Shoring up supply could tackle the inflation problem as well, but several obstacles stand in the way. Recent COVID-19 outbreaks in China threw the country’s manufacturing hubs back into partial shutdowns, roiling supply chains all over again just as it looked like the situation was starting to heal. The decades-long shift toward a globalized economy yielded cheap labor and lower prices across a range of goods, but untangling the current mess is likely to be a slow and turbulent process.
There are several logistics problems at home, too. Truck driver shortages, port backlogs, and overfilled warehouses hobbled the domestic supply chain throughout 2021, and many of the issues haven’t been fully solved. The Biden administration touted its $1 trillion infrastructure bill as a solution, but such investment takes years to show results. Without any further and more timely action from Congress, it’s up to the private sector to work out the supply-chain kinks.
There’s no good option for lowering gas prices
Much of the inflation problem boils down to gas prices. Costs at the pump are up nearly 50% from year-ago levels, and the national average price for a gallon of gasoline now hovers just below $5. As with broad inflation, there’s just too much demand for gas and too little supply to go around. And there aren’t any appealing options for finding more gas to sell.
The surge in energy prices accelerated when Russia invaded Ukraine in late February, raising concerns of new supply snags in the natural gas and oil markets. The rally intensified in March when the US, UK, and European Union slapped Russia’s energy sector with severe energy embargoes. The measures aimed to cripple one of the Kremlin’s biggest sources of revenue, but it left the West paying sharply higher energy prices. The US and its allies could reverse those sanctions to provide some quick relief, but doing so would mark a stunning hit to Ukraine and capitulation to Putin.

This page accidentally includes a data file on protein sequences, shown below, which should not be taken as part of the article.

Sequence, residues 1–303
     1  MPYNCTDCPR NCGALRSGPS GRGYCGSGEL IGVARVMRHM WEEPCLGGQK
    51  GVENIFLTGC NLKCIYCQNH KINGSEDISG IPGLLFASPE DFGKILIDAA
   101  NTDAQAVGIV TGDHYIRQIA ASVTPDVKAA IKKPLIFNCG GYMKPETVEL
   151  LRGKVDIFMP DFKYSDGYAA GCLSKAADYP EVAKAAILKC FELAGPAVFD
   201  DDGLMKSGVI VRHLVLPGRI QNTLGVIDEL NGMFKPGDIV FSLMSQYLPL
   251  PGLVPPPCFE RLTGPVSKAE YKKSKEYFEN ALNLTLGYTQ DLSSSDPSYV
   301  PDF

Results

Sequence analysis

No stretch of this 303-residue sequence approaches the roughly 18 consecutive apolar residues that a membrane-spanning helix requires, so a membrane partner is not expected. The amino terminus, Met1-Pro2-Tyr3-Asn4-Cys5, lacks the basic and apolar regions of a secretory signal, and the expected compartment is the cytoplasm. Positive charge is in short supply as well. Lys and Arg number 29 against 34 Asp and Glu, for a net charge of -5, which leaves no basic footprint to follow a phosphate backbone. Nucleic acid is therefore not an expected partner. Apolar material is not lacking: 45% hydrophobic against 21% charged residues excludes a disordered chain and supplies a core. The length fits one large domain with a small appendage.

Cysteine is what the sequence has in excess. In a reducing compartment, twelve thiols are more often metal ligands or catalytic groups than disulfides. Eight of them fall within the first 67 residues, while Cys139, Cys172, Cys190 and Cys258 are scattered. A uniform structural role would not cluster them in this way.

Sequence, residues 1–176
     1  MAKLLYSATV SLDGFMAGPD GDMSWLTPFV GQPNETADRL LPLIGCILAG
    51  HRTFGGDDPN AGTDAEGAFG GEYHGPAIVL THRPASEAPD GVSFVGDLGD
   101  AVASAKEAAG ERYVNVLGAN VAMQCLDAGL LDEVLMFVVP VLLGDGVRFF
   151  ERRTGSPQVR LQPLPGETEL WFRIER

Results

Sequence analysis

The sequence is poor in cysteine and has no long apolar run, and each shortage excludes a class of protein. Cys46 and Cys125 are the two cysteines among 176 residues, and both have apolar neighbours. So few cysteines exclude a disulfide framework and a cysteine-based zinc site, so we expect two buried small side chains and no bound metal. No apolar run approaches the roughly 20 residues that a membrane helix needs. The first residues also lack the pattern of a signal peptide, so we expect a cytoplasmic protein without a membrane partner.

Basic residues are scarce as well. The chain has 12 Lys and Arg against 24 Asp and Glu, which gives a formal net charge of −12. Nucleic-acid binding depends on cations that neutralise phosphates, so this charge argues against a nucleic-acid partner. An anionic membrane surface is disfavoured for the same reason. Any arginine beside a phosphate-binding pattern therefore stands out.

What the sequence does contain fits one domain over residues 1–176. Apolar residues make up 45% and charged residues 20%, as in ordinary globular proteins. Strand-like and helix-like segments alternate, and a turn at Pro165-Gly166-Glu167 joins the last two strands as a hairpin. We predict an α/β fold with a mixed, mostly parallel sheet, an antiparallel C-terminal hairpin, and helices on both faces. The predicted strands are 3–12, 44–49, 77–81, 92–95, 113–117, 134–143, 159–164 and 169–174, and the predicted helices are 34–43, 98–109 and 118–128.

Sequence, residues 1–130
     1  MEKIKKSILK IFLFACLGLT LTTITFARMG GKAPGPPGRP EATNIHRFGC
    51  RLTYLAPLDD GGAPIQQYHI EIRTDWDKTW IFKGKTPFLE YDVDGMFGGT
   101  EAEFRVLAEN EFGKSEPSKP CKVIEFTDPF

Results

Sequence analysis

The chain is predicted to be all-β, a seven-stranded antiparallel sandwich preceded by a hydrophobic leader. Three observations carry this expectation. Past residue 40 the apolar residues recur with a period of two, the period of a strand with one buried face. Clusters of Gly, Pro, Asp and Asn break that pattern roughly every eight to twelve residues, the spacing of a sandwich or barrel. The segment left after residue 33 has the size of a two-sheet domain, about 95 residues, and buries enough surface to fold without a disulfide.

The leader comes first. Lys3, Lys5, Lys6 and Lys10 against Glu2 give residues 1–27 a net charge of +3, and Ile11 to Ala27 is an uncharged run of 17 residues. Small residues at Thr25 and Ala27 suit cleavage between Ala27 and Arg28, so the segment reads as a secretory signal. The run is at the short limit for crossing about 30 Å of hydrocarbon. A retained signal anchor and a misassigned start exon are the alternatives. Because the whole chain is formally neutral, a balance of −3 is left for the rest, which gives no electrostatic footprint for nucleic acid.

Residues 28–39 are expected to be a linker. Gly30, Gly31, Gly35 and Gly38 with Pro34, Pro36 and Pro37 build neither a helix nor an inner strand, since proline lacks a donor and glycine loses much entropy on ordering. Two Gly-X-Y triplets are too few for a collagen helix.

The US could also turn to Saudi Arabia as an emergency source of oil, but that option has its own hurdles. President Joe Biden is slated to visit the kingdom in July and meet Saudi Crown Prince Mohammad Bin Salman, and some expect the president to ask for increased oil production.
Yet Biden promised to reprimand Saudi Arabia for its reported role in the 2018 killing of journalist Jamal Khashoggi, and many Democratic allies in Congress aren’t comfortable with the visit. Meeting with MBS is a “bad idea,” Sen. Tim Kaine of Virginia told Insider’s Joseph Zeballos-Roig earlier in June.
“I see very little evidence that the Saudis are going to lower gas prices,” Sen. Ron Wyden of Oregon said. “I see a lot of evidence of their horrendous human rights violations.”
Left with few other forms of relief, the Biden administration on Wednesday urged Congress to approve a three-month pause to the federal gas tax. The option would temporarily levy the 18 cent tax per gallon of gas and 24 cent tax on every gallon of diesel, but it resembles more of a band-aid than a meaningful solution. The stark imbalance between gas supply and demand could continue to lift prices even after the approval of a tax holiday.
There are also doubts on both sides of the aisle that the savings would reach consumers. House Speaker Nancy Pelosi withheld her support for such a measure back in March, raising concerns that oil companies would take the lion’s share of the relief. With Republicans uniformly against such a holiday, even the most temporary aid to soaring gas prices is unlikely to win Congressional backing.
“Whatever you thought of the merits of a gas tax holiday in February it is a worse idea now,” Jason Furman, a top economist in the Obama administration, wrote on Twitter.